Okonjo-Iweala served twice as Nigeria’s Finance Minister and as Minister of Foreign Affairs. She was the first female to hold both positions. During her first term as Minister of Finance under president Obasanjo’s Administration, she spearheaded negotiations with the Paris Club of Creditors that led to the wiping out of US$30 billion of Nigeria’s debt, including the outright cancellation of US$18 billion. In 2003 she led efforts to improve Nigeria’s macroeconomic management including the implementation of an oil-price based fiscal rule where revenues accruing above a reference benchmark oil price were saved in a special account, “The Excess Crude Account” which helped to reduce macroeconomic volatility, she introduced the practice of publishing each state's monthly financial allocation, from the Federal Government of Nigeria in the newspapers. This action went a long way in increasing transparency in governance. With the support of the World Bank and the IMF to the Federal Government of Nigeria, she helped build an electronic financial management platform-the Government Integrated Financial Management and Information System, including the Treasury Single Account and the Integrated Payroll and Personnel Information System, helping to curtail corruption in the process.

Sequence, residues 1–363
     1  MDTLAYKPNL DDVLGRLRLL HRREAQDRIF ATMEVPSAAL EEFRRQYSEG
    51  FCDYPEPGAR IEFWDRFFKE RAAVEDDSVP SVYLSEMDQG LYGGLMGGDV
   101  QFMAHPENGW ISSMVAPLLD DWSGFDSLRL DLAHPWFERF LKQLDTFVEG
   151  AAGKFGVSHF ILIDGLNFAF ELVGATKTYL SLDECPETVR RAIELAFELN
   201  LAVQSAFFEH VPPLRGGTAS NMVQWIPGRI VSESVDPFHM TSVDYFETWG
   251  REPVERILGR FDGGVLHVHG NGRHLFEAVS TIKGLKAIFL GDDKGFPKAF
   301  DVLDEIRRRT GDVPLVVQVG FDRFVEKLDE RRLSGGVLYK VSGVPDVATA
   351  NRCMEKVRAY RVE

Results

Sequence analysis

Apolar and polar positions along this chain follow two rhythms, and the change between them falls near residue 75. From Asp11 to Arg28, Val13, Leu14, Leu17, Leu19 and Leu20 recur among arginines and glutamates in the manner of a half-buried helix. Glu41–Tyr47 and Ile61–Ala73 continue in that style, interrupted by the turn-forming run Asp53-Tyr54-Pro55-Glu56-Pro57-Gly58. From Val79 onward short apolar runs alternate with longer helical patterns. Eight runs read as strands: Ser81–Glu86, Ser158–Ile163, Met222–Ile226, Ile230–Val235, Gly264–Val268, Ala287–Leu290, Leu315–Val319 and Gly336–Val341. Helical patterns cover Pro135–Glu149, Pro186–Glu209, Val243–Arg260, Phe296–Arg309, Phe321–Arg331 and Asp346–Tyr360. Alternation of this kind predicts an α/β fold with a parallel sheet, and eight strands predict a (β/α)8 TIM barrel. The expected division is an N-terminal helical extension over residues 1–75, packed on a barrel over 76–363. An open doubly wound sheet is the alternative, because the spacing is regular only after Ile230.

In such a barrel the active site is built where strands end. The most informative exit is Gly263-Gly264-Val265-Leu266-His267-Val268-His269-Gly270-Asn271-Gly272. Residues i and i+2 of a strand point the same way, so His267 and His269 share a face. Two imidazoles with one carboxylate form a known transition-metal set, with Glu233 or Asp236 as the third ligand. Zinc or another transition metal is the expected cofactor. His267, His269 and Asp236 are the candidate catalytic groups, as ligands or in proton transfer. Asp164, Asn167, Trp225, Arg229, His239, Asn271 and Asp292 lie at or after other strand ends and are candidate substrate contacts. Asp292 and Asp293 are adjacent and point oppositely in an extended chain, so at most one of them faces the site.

As at 31 December 2014, the IPPIS platform had eliminated 62,893 ghost workers from the system and saved the Nigerian government about $1.25 billion in the process. Okonjo-Iweala was instrumental in helping Nigeria obtain its first sovereign credit rating from Fitch Ratings and Standard & Poor's in 2006. Following her first term as Minister of Finance, she returned to the World Bank as a Managing Director in December 2007. In 2011, Okonjo-Iweala was re-appointed as Minister of Finance in Nigeria with the expanded portfolio of the Coordinating Minister for the Economy by President Goodluck Jonathan, her legacy includes strengthening Nigeria’s public financial systems and stimulating the housing sector with the establishment of the Nigerian Mortgage Refinance Corporation. She empowered Nigeria’s women and youth with the Growing Girls and Women in Nigeria Programme; this program has been evaluated by the World Bank as one of the most effective programmes of its kind globally. Under her leadership, the National Bureau of Statistics carried out a re-basing exercise of the Gross Domestic Product,.

She took a lot of heat for the fuel subsidy removal policy by the Nigerian government, which led to protests in January 2012. In May 2016, the new Nigerian administration removed the fuel subsidy after it became apparent that it was unsustainable and inefficient. In September 2015, she joined Lazard as a senior advisor and in January 2016 she was appointed Chair of the Global Alliance for Vaccines and Immunization; as at 2019, Gavi has immunized 700 million children globally and saved 10 million livesShe is co-chair of the Global Commission for the Economy and Climate, with Nicholas Stern and Paul Polman. In July 2017, she became an independent non-executive director at Sta